Fighting crime with education
Prisons in Bangladesh are seriously overcrowded, holding twice their actual capacity. The criminal justice system, governed by laws that date from the 19th century, is inefficient, irregular, and anachronistic. Many people, particularly the poor, face severe violations of their human rights.
The Bangladesh government has been implementing a program titled “Justice and Prison Reform for Promoting Human Rights and Preventing Corruption in Bangladesh” since 2012 to reduce the number of pre-trial prisoners, who are often detained unnecessarily.
The program, jointly funded by the German Agency for International Cooperation (GIZ) and Department for International Development (DFID), has seen a decline in the percentage of pre-trial detainees from 79 in 2010 to 62 in 2013.
However, the average share of pretrial detainees has not decreased since 2014. There is emerging evidence that the percentage of pretrial inmates in prison has been influenced by factors beyond the program’s control, such as political unrest and relocation of convicted prisoners.
However, the paramount goal of a country’s prison system should be preparing its inmates by equipping them with adequate skills that help them reintegrate into the mainstream society, instead of remaining a group of outsiders.
There indeed is a prospect of turning this large segment of the country’s population into a human resource. For that education and vocational training can play a very important role, as has been proven in a number of more developed countries in the world.
Elizabeth Hinton, an assistant professor in the departments of history and African and African American studies at Harvard, wrote in an op-ed piece in the New York Times:'
“Imagine if prisons looked like the grounds of universities. Instead of languishing in cells, incarcerated people sat in classrooms and learned about climate science or poetry -- just like college students.
“Or even with them. This would be a boon to prisoners across the country, a vast majority of who do not have a high school diploma. And it could help shrink our prison population.”
The idea is rooted in history, Hinton writes: “In the 1920s, Howard Belding Gill, a criminologist, and a Harvard alumnus, developed a college-like community at the Norfolk State Prison Colony in Massachusetts, where he was the superintendent. Prisoners wore normal clothing, participated in cooperative self government with staff, and took academic courses with instructors from Emerson, Boston University, and Harvard…
“[T]hey had access to an extensive library. Norfolk had such a good reputation, Malcolm X asked to be transferred there from Charlestown State Prison in Boston so, as he wrote in his petition, he could use ‘the educational facilities that aren’t in these other institutions.’ At Norfolk, ‘there are many things that I would like to learn that would be of use to me when I regain my freedom.’”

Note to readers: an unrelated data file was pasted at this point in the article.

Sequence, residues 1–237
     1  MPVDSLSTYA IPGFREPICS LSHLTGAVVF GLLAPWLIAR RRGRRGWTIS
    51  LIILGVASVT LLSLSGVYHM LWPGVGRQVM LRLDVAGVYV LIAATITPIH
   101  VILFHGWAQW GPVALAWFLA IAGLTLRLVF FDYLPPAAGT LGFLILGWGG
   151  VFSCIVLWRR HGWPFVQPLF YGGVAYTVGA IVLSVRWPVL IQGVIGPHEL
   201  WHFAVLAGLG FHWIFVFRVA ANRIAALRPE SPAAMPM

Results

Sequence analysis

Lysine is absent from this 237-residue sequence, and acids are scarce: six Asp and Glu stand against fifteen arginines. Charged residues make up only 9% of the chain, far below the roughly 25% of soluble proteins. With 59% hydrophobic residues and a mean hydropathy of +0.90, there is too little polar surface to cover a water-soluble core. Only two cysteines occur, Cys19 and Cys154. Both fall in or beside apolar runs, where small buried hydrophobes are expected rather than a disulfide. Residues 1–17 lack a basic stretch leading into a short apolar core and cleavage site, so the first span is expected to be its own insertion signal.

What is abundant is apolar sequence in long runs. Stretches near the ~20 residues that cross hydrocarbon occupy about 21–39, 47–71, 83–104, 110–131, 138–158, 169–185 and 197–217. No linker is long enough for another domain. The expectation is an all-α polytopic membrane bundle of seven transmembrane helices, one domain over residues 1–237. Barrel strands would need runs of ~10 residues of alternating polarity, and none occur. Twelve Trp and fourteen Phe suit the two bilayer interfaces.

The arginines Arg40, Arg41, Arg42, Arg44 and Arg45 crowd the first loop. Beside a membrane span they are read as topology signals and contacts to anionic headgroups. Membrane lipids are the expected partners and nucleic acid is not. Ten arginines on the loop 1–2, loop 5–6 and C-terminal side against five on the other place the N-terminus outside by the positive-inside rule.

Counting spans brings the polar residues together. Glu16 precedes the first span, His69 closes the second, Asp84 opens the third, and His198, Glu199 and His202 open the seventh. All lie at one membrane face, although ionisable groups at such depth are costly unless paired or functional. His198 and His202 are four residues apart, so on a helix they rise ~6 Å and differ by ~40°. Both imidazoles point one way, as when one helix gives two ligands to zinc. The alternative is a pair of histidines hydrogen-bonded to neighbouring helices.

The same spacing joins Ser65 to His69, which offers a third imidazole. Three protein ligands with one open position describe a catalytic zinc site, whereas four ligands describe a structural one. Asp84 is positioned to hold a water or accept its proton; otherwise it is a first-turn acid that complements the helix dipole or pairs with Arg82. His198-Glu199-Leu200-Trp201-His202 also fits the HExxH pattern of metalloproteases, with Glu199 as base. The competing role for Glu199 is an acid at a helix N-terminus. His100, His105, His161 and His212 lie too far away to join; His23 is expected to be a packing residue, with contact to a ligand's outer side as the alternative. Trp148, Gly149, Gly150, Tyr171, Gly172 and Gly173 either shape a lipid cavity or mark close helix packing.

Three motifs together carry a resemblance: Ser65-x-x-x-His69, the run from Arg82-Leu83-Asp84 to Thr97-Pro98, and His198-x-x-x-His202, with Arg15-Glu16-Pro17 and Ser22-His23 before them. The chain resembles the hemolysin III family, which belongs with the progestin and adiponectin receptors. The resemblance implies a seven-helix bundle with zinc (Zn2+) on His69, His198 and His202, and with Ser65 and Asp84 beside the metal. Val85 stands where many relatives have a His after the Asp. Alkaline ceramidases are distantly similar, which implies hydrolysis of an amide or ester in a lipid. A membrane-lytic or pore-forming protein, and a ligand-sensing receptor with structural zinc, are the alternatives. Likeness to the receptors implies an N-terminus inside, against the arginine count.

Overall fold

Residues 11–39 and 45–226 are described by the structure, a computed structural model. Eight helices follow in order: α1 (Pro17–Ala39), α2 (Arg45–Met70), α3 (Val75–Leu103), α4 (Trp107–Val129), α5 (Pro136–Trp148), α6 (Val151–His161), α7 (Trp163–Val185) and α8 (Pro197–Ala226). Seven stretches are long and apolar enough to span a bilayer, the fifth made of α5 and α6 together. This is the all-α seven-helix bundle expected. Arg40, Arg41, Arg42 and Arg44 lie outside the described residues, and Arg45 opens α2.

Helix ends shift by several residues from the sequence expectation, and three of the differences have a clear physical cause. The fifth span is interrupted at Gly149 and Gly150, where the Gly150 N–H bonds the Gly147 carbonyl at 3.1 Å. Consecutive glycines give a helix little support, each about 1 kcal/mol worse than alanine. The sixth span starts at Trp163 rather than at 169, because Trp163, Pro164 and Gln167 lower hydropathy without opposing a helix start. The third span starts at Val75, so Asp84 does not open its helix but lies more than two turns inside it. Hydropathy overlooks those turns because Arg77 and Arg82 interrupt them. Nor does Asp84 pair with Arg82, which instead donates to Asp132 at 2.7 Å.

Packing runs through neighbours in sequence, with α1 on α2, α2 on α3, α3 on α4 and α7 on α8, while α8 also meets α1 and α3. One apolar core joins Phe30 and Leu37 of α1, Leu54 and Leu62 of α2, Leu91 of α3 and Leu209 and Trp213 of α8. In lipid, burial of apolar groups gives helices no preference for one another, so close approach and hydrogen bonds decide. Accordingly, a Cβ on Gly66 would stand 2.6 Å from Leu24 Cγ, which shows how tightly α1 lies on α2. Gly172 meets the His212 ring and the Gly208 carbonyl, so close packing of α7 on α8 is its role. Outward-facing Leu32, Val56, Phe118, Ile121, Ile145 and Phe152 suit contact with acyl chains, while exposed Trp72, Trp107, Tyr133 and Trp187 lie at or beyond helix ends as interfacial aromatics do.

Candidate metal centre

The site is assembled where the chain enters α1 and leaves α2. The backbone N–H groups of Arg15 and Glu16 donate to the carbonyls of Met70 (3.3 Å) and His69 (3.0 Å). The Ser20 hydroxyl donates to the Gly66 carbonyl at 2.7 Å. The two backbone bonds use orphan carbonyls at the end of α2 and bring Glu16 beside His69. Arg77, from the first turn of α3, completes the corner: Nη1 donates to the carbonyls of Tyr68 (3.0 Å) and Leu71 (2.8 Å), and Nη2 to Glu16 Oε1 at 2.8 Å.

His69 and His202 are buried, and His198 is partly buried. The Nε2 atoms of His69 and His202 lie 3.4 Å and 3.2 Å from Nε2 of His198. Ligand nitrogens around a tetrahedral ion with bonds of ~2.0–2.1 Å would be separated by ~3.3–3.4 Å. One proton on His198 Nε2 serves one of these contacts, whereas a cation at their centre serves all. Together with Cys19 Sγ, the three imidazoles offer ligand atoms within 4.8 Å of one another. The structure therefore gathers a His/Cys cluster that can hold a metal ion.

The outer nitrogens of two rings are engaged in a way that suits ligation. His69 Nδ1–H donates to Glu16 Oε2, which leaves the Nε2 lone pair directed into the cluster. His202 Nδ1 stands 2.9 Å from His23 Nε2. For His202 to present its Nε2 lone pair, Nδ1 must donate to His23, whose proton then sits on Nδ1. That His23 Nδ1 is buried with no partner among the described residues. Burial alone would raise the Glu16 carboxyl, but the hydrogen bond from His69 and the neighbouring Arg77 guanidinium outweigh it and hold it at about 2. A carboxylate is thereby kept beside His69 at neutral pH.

San Quentin State Prison in California created a scaled-down version of the Norfolk program with support from the Ford Foundation, and it was one of the few prisons then that offered higher education classes.
Today, only a third of all prisons provide ways for incarcerated people to continue their educations beyond high school.
But the San Quentin Prison University Project remains one of the country’s most vibrant educational programs for inmates, so much so President Barack Obama awarded it a National Humanities Medal in 2015 for the quality of its courses, added Hinton.
The idea of expanding educational opportunities to prisoners as a way to reduce recidivism and government spending has again gained momentum in the US after a study by the right-leaning RAND Corporation was published in 2013, showing that inmates who took classes had a 43% lower likelihood of recidivism and a 13% higher likelihood of getting a job after leaving prison.
It’s clear that education will continue to be a central part of criminal justice reform.
Noah Freedman, the founder of the California-based company Nucleos, Inc that works with prison inmates, said in an article: “In countries which place greater emphasis on rehabilitation, fewer former prisoners go on to commit further crimes.
“In German prisons, a prisoners’ loss of liberty due to incarceration is considered the complete punishment, without the need for poor prison conditions or lack of education opportunities. And the numbers bear out the results: 33% of former prisoners in Germany go on to commit crimes within three years of release, as opposed to 70% in the US.”
Freedman says: “To be smart on addressing crime, crime needs to be understood as both an individual and a societal issue.”…“A lack of education and workforce opportunities is at the root of social problems leading to crime, as well as recidivism. As Michelle Alexander points out, in low-income communities across America, young men are more likely to end up in prison more than they are to make it to college.
“Multiple studies provide a conclusive link between crime, recidivism, and education. To address the root causes of crime, we need to shift the balance toward rehabilitation and education in our correctional system. A prison is designed to suspend freedoms. That is where the punishment should end, and an opportunity to reform oneself needs to begin.”
To provide that opportunity, Freedman says: “Prisons need to function as education institutions.”
Azfar Aziz is a Dhaka-based freelance journalist, writer, and poet.